Really, Ezra Klein has to stop doing this. I mean, honestly, who told him that he could make good, intelligent points? It's not just that Klein exposes the perception gap between the tv pundit class and the general public. It that Klein notes how that gap occurred with this past Friday's debate: Sen. McCain played to the pundits while Sen. Obama played to the electorate. In an age when most people are told to regard the media with suspicion why would Sen. McCain focus his attention on winning over the media? This is an election by (mostly) popular vote. If Sen. McCain can't win over the public then he has a problem. Moreover, if Sen. Obama continues to show cool determination while facing his opponent and keeping his focus on the public then how can Sen. McCain keep his campaign floating? At this late date Sen. Obama is still able to sway undecided or potential switch voters. That's not a good sign for Sen. McCain.

Sunday, September 28, 2008

Love Lockdown

I've had YE's new track in my head most of the weekend. After the debate Friday night it trickled into my ears. Now Sunday rolls around and Andrew Sullivan tosses out at couple of posts on the new McCain ad and a blurb from James Fallows on the two presidential candidates' understanding of strategy versus tactics. So to use Kanye as an example, the strategy is the love lockdown while the tactics are how YE goes about doing that.
Stepping away from thinly stretched pop culture metaphors, I think Sen. McCain screwed himself when he lingered on the 'surge' and then put out an ad showing moments when Sen. Obama agreed with him on point. It shows a deep misunderstanding of what strategy is and someone like Sen. McCain should know the difference. Yet his entire campaign has shown a lack of strategic thinking. Instead, Sen. McCain seems to lurch from one tactic to another with no clear, overarching platform. From his flip-flopping to the Palin pick and the sudden message shift away from experience to one of change and then the literal implosion of his head Sen. McCain lacks a strategy for winning the presidency, or at the very least, beating Sen. Obama.
On the other end of this misunderstanding is Sen. Obama. He's had a clear strategy in mind since the beginning and where his campaign has taken hits has been in tactics. It's something few political bloggers and even fewer pundits have understood themselves. Michael Gerson wrote and op-ed piece for the Washington Post a couple of weeks ago on the 17th arguing that the Obama campaign is nothing but a reactive body with no strategy. This is immediately after Gerson points to Sen. Obama's own vision and steady hand. Gerson uses the cover of attacking the Obama campaign to attack the senator directly. It's not terribly well-hidden nor is it all that logical or thought through.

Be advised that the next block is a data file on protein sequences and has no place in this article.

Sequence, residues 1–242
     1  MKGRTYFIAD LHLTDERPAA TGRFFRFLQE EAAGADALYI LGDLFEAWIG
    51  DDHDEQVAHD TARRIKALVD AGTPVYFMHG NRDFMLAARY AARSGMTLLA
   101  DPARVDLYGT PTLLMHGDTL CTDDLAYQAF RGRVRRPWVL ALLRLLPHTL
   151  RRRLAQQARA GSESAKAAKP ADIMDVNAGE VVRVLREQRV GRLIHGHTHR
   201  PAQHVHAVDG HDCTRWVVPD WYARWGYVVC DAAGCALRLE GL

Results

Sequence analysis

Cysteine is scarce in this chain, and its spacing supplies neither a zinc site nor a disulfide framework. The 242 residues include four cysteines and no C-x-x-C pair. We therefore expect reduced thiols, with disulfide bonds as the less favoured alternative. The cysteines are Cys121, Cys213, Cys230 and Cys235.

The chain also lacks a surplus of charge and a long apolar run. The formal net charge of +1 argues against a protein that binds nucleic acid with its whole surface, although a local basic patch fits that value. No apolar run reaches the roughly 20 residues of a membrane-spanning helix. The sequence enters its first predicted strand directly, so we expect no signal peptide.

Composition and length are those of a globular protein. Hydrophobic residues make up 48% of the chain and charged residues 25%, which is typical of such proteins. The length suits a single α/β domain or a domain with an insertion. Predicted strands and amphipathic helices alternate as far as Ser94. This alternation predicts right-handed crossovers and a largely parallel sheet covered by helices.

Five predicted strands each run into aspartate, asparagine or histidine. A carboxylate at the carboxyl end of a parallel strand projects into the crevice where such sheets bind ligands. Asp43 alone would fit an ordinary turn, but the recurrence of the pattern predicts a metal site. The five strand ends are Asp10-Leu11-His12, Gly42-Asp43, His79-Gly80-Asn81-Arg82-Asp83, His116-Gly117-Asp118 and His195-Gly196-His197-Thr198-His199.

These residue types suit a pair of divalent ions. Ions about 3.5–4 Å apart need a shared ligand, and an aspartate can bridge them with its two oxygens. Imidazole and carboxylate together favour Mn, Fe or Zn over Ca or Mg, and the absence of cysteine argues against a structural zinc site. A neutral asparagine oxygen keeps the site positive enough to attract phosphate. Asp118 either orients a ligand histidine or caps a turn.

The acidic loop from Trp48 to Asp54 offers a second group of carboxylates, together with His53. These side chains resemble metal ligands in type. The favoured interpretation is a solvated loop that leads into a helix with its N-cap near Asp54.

Coming from a former speech-writer for President Bush, I'm not surprised with Gerson. He, like many many others including Sen. McCain, have consistantly failed to see the strategy and the tactics of Sen. Obama. Sen. Clinton suffered defeat in the primaries due to the same lack of understanding. The whole campaign package is devilishly simple but one that few politicans could ever try.
The basic tactic Sen. Obama has relied on is the political version of the rope-a-dope. Ali used the rope-a-dope to wear down his opponents while conserving his strength. The result is a tired and usually demoralized opponent who keeps going back round after round, throwing his best and watching the punches seemingly slide off. By the end of the fight one boxer is slow, tired, and dopey while the other is ready to open up. At that point it doesn't take much to knock out the dopey boxer. Without being specifically told, the tactic goes unnoticed. It's genius in its simplicity but hard on the boxer using it. The rope-a-dope results in multiple hits to the torso that few boxers can take. Politically however, it's a brilliant tactic. It lets your opponent waste their energy punching away with their standard tactics, throwing money and people in all the ways that have worked before. Except in Sen. Obama's case few of the punches connect.
This is where Sen. Obama's strategy shows his own brilliance. He understands that the only way to kill an idea or beat an ideology is to supercede it--to make the old tactics and strategy obsolete. Sen. Clinton never got that and Sen. McCain clearly doesn't either. Both have tried to pull the campaigns down into a street brawl whereas Sen. Obama isn't a brawler and he knows that. In a position like that, you look for alternatives. Sen. Obama is fighting a guerrila campaign against the conventional warfare of Sen. McCain. The McCain campaign can shift tactics as much as they like. Until they recognize that they're using the wrong strategy then Sen. Obama will continue to inch further along in the polls. Sen. McCain will fall under the thousand small cuts Sen. Obama has put in him. The combination of a strategy that makes the old ideologies look like a Commadore 64 and tactics that slowly suck the life away from its opponent is winning for Sen. Obama.
Why so many people haven't gotten this is beyond me. But the longer they remain in the dark the better the chances of Sen. Obama winning are.